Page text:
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I notice when I turn my frostless hydrant off with the hose connected, it siphons most if not all water from the hose. I am worried of potential plastic chemicals in the hose after it sits out in the sun leaching into my well water after the hydrant siphons the water all out - especially when I get around to installing drip irrigation systems.

Will a simple $5 plastic backflow preventer be all I need, or is there a certain product meant just for this? I will potentially be drinking the same water that flows back in the well after the frostless hydrant is shut off - yes?

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I will potentially be drinking the same water that flows back in the well after the frostless hydrant is shut off - yes?

No. Freezeless faucets drain their water back into the ground at their base below the frost line when turned off, NOT IN TO THE SUPPLY. The freezeless facuet drains this water so the pipes above the frost line have no water to freeze in them; hence a freezeless faucet.

Will a simple $5 plastic backflow preventer be all I need?

You get what you pay for. Will a 5$ part function as well as a 125$? Of course not! Will it work well out of the box? probably yes and probably fairly well. But it will not be as effective at stopping backflow, it will probably not work for as many years to come as a true backflow preventer, it probably cannot be tested, and it probably cannot be repaired.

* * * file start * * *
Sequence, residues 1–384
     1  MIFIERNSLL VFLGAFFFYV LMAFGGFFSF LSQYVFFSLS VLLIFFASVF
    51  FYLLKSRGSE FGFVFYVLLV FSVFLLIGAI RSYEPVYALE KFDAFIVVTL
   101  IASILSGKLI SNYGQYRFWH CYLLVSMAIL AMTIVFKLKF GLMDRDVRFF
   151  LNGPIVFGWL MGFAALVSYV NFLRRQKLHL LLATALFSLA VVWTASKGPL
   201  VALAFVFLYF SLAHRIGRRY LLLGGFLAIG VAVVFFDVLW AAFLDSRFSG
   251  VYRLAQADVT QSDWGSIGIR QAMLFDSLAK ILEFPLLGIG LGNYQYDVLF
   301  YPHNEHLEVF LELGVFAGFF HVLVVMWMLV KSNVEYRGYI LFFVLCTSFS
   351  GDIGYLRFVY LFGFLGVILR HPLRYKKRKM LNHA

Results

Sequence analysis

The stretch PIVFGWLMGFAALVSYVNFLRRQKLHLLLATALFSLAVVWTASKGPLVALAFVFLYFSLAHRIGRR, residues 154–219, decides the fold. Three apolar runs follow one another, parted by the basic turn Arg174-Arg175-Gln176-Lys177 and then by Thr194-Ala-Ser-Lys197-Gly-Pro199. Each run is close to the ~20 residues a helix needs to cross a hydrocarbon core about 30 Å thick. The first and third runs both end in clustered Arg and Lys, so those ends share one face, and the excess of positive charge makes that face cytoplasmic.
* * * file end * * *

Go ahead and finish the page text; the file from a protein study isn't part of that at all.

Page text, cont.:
...or is there a certain product meant just for this?

There are true backflow preveters for this that are designed to effectively stop backflor that are able to be checked and tested for reliability and repaired. These typically installed run 200-300 in parts alone for the backflow, fittings, boxes, etc. Labor can easily double or triple this in many cases.

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  • Thanks a lot @Damon - I heard they empty at the base of the hydrant, but that seems odd...a lot of water to dump at the base time, and time again when I have 300' of hose attached. I will definitely want a backflow preventer then when I install a couple thousand feet of drip irrigation line. I just laid 1,000 feet last night. I bought a couple backflow preventers from the drip company. Does a house need a backflow preventer for any reason after the water comes into the home? Or just for external irrigation applications? (sprinklers, drippers, etc)?
    – CCCBuilder
    Jun 21, 2015 at 17:46
  • Typically you install a backflow for safety reasons, not to conserve or prevent water from draining. Landscape areas have fertilizers and chemicals that are applied and this could contaminate the water in the lines which just might end up making its way back to the house. If you are just worried about water draining, then a simple check valve should work.
    – Damon
    Jun 22, 2015 at 3:49
  • I'm trying to save money by doing this all myself - but I do not want to contaminate my well by a foolish mistake. I don't see the drip line drain back causing problems besides the fact it has to re-fill each time. But to the line I run to my house, I am just trying to find out what is typically done one the water line comes inside...such as a backflow preventer or nothing at all?
    – CCCBuilder
    Jun 22, 2015 at 4:05

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